The Christmas story is not my own

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For you know the generous act of our Lord Jesus Christ, that though he was rich, yet for your sakes he became poor, so that by his poverty you might become rich. (2 Corinthians 8:9)

The Christmas story is not my own. I take comfort in the parts of it that make me feel welcome. Mary’s acclamation that God has brought down the lofty from their throne resonates with those who have been looked down upon by people in high places. The lack of space in Bethlehem, the humble shepherds, and the flight to Egypt make it easy to see Jesus as one who grew up as I did, poor and rejected.

Jesus the refugee raised in Africa has a certain appeal to it. There is nothing false in it. However, there can be a false way of appropriating it. This occurs when I fail to see the challenge presented to me in the incarnation. A distortion occurs when Jesus becomes a weapon that I wield against opponents. The humility and poverty of Jesus invite me to encounter the creator of the universe in the form of a child. When I seen in that story an affirmation of my own grievances, I cannot help but feel that I have missed something. Jesus saw this world as broken and he loved it anyway. The loss of love, especially for our enemies, distorts exegesis and makes a mockery of his humility.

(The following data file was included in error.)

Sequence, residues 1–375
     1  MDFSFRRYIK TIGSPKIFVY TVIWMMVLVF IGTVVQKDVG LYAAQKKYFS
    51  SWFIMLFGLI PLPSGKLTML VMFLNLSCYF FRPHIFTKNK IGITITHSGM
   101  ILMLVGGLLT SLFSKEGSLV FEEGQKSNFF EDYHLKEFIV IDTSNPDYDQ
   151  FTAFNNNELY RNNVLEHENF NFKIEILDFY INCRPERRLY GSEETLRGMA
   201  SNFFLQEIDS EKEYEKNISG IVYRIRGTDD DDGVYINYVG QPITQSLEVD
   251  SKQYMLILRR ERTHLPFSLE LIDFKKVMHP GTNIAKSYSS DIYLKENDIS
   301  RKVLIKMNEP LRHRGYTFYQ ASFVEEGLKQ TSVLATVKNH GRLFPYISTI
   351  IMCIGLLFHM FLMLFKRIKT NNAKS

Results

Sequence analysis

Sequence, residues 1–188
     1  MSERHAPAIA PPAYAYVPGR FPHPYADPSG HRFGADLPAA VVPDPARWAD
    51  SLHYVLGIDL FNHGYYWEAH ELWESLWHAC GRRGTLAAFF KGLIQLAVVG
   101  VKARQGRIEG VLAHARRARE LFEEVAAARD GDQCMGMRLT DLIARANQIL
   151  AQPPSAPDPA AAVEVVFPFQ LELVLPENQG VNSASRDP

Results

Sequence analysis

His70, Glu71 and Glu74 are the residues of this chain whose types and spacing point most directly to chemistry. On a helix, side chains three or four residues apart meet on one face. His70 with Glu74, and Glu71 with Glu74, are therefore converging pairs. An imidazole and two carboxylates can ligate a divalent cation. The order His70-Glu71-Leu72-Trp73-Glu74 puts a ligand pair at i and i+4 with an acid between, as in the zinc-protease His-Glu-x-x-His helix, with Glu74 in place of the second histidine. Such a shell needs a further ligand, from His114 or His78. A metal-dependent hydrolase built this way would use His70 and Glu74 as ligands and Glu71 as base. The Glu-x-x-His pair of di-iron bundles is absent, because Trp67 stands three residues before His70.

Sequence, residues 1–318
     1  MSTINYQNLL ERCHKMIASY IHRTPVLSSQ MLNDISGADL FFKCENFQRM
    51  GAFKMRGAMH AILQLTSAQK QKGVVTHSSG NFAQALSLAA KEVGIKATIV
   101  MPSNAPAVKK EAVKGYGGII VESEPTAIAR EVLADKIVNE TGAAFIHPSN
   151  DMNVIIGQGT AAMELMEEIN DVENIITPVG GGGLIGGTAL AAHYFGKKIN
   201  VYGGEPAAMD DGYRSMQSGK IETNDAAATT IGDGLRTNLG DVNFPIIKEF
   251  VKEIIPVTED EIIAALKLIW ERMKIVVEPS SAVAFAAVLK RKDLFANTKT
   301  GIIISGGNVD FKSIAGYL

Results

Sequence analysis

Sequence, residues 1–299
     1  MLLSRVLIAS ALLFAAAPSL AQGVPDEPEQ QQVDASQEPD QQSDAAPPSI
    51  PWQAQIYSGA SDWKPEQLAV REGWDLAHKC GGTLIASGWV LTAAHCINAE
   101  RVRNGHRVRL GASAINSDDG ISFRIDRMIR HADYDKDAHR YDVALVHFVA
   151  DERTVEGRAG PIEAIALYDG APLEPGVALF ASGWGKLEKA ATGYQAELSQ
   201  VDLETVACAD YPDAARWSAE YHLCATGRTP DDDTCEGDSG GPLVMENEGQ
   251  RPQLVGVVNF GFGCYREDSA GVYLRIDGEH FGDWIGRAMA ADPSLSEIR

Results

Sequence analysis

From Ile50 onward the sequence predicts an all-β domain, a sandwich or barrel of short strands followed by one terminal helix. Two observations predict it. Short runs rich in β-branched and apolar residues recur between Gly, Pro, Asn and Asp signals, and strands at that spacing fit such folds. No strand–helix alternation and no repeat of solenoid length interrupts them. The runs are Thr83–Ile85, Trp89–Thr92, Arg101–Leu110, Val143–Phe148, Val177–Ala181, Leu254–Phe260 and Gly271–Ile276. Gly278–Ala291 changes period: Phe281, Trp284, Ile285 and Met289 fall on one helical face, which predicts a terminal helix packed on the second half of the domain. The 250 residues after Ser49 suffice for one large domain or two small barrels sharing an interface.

The poverty of Jesus drew me to him, but I have been changed by the encounter. The infant king became a man. This man challenges me as much as he does the culture that surrounds me. The cross cannot be reduced to “an act of state sponsored violence” that I can appropriate to rebuke others. It is God’s work of reconciling the world to himself. I do not merely challenge the church or the culture with the gospel. I am caught up in the critique. None of us, not even those born poor, own Jesus’ story. The birth of the Messiah is God’s moment, and like the shepherds, the first response is worship.

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